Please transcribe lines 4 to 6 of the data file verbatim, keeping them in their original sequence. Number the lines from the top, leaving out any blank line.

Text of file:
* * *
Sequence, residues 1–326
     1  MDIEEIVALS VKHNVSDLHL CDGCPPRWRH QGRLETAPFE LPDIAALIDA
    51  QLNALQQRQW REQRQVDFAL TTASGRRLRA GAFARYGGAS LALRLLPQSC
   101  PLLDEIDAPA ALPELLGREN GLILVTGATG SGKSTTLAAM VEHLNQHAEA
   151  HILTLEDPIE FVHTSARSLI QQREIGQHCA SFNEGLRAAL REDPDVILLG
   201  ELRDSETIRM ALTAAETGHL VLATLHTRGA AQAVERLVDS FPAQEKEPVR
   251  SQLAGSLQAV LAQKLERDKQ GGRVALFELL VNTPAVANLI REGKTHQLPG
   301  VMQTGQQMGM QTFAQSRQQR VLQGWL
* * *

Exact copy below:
   101  PLLDEIDAPA ALPELLGREN GLILVTGATG SGKSTTLAAM VEHLNQHAEA
   151  HILTLEDPIE FVHTSARSLI QQREIGQHCA SFNEGLRAAL REDPDVILLG
   201  ELRDSETIRM ALTAAETGHL VLATLHTRGA AQAVERLVDS FPAQEKEPVR